From my Goodreads
“Anna” was one of the first biographies I had ever read. This book presents a well-rounded narration of the life and career of one of the most (if not THE most) powerful forces in the fashion industry. Amy Odell writes about a young woman’s journey from the UK to NYC, where she is currently working as editor-in-chief of one of the most influential fashion magazines in the world: Vogue. The author does not limit herself to writing from her own perspective; as a matter of fact, Odell’s opinions are only a small part of the biography’s appeal. A large amount of sources used to narrate Anna’s story limit the bias and offer contrasting perspectives on Anna’s work ethic. The efforts of the author to narrate Anna’s life from a fully impartial perspective is perceived in the way she interviews multiple people to dive into the Vogue editor-in-chief’s life. What I appreciated the most is the variety of sources which the author used to build the story, such as friends, colleagues, and other important icons of the fashion industry who have worked alongside Anna for many years. Although Anna Wintour’s leadership style might raise some eyebrows, we must not forget it is a crucial tool that allowed her to get to a point in her career which some of us can only dream of. The story of the Vogue editor-in-chief and fashion icon is a great example of what we call a “girl boss”, who, despite people’s opinions of her, uses her passion to fuel her dream.
In this book, Toshikazu Kawaguchi tells the story of different characters who visit the same coffee shop located in the Japanese metropolis of Tokyo. The book is based on the magic of the coffee shop, which allows customers who sit at a designated chair to travel to a specific moment in time only for as long as their coffee stays hot. Using the concept of time travel, the author invites the reader to emphasize with the characters to the point of feeling like you are watching their journey to both the past and future. Whether a customer wants to spend another few minutes with the person they love, or change something they said in the past, “Before the Coffee Gets Cold” is a cozy read which teaches us that time is valuable, leaving us with the message that not everything is life is up to us and some things are just meant to be.
As an Audrey Hepburn fan, I found this book a must read. Although the world-famous actress Audrey is a key point of the book, the author doesn’t write solely about her life. On the contrary, he focuses on a detailed explanation of how Truman Capote’s “Breakfast at Tiffany’s” made its debut on the big screen. Through some interesting and unique anecdotes about Capote’s contribution in the process of turning “Breakfast at Tiffany’s” into a movie, Wasson explains why the NYC-set story about a young woman called Holly Golightly changed the expectations of women’s role in society. What I found particularly interesting is the depth of the research which the book is based on, which covers every detail of the making of the movie. If you want to find out how the director and producer adapted the book to the movie, how they found the perfect actress to play the part of Holly Golightly, and how they hired one of the most talented costume designers of all time, this book is for you. Wasson explores the role of Audrey Hepburn’s fame and image in the movie’s success, including how, through this movie, she launched Hubert de Givenchy’s career. Most importantly, you will be surprised to read about how just one single movie marked a significant milestone in women’s history, presenting the concept of a modern, emancipated woman to society, who wears a black dress and pearls at 5 a.m., and who truly believes in the power of being in charge of her own life. This movie came as a breath of fresh air in the 1960s, offering a new concept of what an independent and sophisticated woman looks like. If you love movies, fashion, and Audrey, this book is for you.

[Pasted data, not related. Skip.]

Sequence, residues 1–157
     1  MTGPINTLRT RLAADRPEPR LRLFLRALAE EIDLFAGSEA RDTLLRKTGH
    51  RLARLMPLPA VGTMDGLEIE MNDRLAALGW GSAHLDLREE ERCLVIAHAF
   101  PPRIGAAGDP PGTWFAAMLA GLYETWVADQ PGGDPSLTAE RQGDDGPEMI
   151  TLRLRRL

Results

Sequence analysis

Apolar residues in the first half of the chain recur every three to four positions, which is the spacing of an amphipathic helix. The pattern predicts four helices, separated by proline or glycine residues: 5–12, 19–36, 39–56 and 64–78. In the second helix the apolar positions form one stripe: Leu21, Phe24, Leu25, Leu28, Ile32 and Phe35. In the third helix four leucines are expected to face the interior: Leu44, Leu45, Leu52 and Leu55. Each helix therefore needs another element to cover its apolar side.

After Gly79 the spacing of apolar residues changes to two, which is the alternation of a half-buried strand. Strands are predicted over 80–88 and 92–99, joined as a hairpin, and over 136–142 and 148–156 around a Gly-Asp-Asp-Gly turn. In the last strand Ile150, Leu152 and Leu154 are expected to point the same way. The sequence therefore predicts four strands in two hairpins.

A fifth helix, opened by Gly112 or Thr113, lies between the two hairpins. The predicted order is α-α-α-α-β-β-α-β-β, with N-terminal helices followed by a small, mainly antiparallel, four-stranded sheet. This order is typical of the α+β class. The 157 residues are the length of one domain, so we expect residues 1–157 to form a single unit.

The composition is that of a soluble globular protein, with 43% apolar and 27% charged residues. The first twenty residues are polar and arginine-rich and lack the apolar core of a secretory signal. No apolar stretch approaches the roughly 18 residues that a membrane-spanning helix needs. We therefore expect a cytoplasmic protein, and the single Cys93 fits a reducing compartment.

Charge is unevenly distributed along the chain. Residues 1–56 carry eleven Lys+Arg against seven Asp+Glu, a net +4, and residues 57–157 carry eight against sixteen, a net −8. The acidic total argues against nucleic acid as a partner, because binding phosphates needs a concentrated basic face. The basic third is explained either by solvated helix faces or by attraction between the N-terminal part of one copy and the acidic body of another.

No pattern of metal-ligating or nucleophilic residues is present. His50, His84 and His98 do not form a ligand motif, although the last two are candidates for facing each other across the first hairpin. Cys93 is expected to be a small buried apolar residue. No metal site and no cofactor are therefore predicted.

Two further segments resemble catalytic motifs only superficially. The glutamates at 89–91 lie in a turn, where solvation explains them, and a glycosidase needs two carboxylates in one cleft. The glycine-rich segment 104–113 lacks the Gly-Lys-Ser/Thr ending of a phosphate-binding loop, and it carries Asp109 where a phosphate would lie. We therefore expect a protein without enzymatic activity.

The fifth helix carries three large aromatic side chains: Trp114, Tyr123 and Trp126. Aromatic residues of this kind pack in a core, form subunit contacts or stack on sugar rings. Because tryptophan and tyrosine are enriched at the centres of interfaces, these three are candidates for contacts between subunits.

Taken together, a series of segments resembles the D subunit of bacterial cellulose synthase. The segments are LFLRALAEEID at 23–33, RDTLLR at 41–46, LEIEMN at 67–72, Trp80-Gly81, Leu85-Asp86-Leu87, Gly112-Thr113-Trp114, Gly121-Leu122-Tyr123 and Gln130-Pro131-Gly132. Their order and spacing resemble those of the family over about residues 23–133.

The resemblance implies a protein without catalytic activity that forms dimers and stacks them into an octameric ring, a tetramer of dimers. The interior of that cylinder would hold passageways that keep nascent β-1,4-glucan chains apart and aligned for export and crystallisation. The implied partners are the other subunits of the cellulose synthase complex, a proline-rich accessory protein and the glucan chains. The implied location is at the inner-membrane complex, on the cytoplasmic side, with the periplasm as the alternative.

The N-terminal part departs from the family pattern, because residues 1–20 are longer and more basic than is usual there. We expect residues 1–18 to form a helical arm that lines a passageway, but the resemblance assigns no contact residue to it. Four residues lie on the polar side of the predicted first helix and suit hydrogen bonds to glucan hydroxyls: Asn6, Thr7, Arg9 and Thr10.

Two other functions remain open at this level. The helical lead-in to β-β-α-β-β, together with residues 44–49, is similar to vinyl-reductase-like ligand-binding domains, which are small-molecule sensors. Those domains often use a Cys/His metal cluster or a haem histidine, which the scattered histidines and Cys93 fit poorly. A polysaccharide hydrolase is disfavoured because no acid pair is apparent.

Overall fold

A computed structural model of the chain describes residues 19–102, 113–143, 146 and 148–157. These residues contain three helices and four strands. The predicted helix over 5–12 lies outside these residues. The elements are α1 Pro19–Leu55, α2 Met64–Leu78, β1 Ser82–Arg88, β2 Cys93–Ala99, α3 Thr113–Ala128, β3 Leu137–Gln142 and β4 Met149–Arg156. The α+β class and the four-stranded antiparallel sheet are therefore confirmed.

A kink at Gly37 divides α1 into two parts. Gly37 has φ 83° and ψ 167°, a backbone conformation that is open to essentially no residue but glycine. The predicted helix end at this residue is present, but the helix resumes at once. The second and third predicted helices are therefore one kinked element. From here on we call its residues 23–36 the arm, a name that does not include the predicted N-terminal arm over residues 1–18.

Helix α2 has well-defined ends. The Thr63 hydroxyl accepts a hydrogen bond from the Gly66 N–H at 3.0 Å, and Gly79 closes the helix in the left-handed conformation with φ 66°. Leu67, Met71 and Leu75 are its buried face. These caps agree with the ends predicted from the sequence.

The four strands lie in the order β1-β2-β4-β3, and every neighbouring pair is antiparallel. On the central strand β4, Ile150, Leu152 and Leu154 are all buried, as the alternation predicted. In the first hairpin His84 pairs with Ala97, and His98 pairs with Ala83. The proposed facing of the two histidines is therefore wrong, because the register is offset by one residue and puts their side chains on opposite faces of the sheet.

When people think of mental illnesses, they often give a negative connotation to this expression. For example, not only is there a stigma towards those who struggle with depression, but some often think everyone is dealing with something and struggles are just a part of life. “Sorrow and Bliss” challenges this concept, showing the mental and physical process of discovering what is wrong with something going on inside yourself. Although this novel is not a heavy read, it covers difficult topics which should be talked about more freely. Meg Mason does so by allowing the reader to dive into the main character’s mind, and understanding her every move thanks to a close look into her thoughts.
As someone who has lived on different continents, I particularly loved this novel. “Strangers I Know” narrates the story of the author’s family, as well as how living in Italy and New York City played a part in finding her identity. As she explains, one’s life is a sum of geological eras, which divide childhood from adolescence and adulthood. In other words, in order to narrate someone’s story, one needs to look at all the physical and geographic areas where their life took place. Claudia’s book covers all of these eras, narrating from her memory. In particular, the author focuses on how migration shaped the way of seeing and experiencing things in life, what living with disabled parents is like, and the struggles of speaking and thinking in different languages. What motivated me to start reading it in the first place was the similarity between her story and mine, as I relate to her when it comes to feeling like a stranger and being perceived as a stranger everywhere you go. As what are perhaps my favourite quotes from the novel say: “Migrating means living with all these ifs of the self, hoping that none of them takes over the other”, and “The future was everything that came before a departure”.